We believe that new technology can enable a more efficient distribution, instruction, and tabulation of shareholder ballots and we encourage efforts to bring innovative approaches to those areas. At the same time, any change should go through rigorous evaluation and testing by a diverse set of constituents, so when introduced, they are a reliable iteration of the existing systems that shareholders and their representatives rely on. The SEC can play an important role in convening and encouraging market participants to take steps in that regard.
We believe further that all investors should have a voice and we encourage efforts to strengthen the education of retail shareholders through more transparent proxy materials and maintaining their access to any debate over financially material risks and opportunities presented by the issuers in which they invest. At this time, our position is that steps should be taken to enable, not restrict, those developments and we do not believe that new regulation is necessary, especially any that abridges the existing access and rights for shareholders to file shareholder proposals.
We have found proxy advisory firms to be important data aggregation and workflow service providers that enable us to effectively fulfill our fiduciary obligations to clients who have given us authority to vote their proxies based on our firm’s internal proxy voting policies and procedures. Our robust internal procedures, collaborative policy development process, and formal oversight mechanisms have led to independently-developed, detailed voting positions that best represent the combined knowledge of our investment professionals. Our proxy voting policy and procedures are publicly disclosed and clients understand that if they delegate proxy voting responsibility to us, we will execute votes consistent with the policy and procedures. In some cases, clients choose to retain responsibility for voting themselves, or work with us on a voting policy customized for their specific investment objectives.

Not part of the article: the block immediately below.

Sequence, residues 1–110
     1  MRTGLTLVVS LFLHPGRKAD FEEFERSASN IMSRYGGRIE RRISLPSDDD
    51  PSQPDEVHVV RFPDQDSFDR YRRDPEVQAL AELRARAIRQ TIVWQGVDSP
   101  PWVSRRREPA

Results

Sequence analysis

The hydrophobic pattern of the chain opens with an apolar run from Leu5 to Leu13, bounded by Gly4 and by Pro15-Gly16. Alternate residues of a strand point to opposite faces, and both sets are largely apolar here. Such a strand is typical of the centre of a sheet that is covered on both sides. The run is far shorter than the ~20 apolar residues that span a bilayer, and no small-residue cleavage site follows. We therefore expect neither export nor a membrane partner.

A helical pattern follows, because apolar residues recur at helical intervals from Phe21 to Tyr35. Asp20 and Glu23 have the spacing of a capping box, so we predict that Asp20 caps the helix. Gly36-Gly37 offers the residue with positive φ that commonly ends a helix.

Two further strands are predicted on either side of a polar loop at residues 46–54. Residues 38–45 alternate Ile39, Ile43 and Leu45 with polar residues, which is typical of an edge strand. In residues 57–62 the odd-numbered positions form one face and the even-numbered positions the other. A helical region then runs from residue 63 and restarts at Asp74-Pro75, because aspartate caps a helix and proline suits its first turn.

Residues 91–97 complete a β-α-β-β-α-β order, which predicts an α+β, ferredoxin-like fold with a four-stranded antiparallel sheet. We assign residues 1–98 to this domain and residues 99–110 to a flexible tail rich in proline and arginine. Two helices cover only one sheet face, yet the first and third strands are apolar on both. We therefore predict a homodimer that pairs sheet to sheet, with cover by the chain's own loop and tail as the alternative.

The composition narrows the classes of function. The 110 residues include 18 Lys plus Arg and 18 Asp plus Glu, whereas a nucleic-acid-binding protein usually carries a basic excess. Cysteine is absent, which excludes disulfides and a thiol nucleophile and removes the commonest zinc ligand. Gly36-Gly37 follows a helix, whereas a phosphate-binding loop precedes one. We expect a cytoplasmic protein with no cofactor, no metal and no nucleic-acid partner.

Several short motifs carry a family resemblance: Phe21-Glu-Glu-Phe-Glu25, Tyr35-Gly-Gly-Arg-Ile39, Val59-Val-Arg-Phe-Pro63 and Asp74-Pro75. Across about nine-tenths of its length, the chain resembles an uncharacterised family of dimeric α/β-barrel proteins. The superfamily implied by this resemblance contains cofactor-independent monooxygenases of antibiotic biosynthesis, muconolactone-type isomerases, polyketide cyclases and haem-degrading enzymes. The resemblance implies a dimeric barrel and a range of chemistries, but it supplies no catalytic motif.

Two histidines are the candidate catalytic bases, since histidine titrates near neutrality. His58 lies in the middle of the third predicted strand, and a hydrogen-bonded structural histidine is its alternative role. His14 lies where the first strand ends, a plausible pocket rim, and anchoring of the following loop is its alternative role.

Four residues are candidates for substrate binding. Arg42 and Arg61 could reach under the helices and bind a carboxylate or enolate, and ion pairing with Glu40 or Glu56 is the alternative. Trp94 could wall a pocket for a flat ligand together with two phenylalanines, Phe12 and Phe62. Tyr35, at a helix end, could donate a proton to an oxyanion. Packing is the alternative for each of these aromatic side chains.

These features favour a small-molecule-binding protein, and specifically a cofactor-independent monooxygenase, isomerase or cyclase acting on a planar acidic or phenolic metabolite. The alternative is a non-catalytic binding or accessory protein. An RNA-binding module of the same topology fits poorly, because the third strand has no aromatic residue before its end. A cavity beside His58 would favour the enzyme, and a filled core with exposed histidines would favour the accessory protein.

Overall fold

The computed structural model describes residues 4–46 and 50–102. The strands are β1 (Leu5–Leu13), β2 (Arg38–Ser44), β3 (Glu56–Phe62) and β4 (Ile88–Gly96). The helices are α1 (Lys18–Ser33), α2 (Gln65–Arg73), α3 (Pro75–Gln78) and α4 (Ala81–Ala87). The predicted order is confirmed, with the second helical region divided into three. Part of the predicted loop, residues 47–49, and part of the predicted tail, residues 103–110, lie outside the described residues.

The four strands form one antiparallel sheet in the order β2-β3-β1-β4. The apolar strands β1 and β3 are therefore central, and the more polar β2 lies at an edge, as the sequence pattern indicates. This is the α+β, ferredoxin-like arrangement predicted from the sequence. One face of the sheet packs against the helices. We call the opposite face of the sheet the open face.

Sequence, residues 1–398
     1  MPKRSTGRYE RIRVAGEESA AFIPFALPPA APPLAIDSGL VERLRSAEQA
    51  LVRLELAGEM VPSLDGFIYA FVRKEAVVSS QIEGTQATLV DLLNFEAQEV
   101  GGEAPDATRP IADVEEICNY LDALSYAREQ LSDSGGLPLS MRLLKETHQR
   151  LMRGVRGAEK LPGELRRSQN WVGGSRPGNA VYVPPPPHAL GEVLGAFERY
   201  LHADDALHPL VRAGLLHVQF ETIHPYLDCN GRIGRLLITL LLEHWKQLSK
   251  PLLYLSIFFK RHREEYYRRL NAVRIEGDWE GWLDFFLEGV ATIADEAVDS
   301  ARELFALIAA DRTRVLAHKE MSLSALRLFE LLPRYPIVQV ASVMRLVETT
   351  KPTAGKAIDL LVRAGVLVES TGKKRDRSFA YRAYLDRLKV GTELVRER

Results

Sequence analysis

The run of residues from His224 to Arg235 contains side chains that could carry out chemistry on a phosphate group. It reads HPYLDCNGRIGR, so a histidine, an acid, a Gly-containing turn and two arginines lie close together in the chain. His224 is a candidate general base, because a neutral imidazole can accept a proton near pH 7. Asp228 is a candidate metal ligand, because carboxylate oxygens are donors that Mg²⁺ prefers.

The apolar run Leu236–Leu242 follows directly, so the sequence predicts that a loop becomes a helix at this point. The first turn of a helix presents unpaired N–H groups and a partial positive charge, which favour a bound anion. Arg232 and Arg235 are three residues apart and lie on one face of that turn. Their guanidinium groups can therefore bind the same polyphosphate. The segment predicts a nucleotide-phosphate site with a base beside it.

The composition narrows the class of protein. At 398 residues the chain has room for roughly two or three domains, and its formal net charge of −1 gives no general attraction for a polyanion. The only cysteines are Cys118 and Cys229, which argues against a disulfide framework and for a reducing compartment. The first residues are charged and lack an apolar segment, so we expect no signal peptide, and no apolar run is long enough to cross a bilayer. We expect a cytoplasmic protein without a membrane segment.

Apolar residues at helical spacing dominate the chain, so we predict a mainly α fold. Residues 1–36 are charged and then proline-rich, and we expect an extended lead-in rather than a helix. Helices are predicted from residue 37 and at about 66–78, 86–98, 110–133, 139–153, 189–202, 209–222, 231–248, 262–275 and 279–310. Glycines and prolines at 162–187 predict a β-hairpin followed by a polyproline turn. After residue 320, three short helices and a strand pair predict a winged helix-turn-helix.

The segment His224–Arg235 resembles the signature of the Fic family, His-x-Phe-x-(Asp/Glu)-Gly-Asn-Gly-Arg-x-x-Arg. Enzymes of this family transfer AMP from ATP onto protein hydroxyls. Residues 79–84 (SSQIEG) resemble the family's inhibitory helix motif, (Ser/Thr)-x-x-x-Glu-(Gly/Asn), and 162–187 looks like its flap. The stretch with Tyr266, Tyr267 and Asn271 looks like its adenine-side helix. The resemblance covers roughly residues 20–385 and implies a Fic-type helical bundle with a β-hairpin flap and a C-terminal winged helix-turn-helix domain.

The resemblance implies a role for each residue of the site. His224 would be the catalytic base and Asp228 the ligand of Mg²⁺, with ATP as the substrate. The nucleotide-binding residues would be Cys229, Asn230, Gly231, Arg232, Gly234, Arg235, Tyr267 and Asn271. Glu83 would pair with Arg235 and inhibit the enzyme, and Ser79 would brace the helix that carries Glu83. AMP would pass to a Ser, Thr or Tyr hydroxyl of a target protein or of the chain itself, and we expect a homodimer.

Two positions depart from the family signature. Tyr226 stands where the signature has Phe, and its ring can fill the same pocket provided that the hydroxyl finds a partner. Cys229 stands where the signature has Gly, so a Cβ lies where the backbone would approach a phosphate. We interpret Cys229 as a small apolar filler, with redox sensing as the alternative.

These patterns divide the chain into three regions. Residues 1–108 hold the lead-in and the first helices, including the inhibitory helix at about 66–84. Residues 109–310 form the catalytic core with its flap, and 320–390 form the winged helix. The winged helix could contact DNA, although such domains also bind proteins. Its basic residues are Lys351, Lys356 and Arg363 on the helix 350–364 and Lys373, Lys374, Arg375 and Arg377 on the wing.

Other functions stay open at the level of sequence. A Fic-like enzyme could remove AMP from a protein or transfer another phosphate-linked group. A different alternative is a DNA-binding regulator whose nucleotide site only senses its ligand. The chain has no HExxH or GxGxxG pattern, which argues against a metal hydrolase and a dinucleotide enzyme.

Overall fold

As we execute votes consistent with our own proxy voting policies, we have not observed any evidence that the general policies or voting recommendations published by proxy advisory firms have been influenced by actual or potential conflicts of interest, or that there are inadequate controls in place to manage such conflicts of interest.
We believe competition among proxy advisory firms should be encouraged, just as we support competition among other service providers. As a sophisticated consumers of services, we feel well-positioned to both make appropriate determinations over which services we subscribe to, as well as to provide constructive feedback to the vendors that serve us and our clients.
We remain committed to fulfilling our fiduciary responsibilities, including to vote proxies in a manner consistent with our clients’ instructions and long-term interests. We welcome the opportunity to continue to engage the SEC on this important matter.
President and CIO (Equities)
1290 Ave of the Americas
New York, NY 10104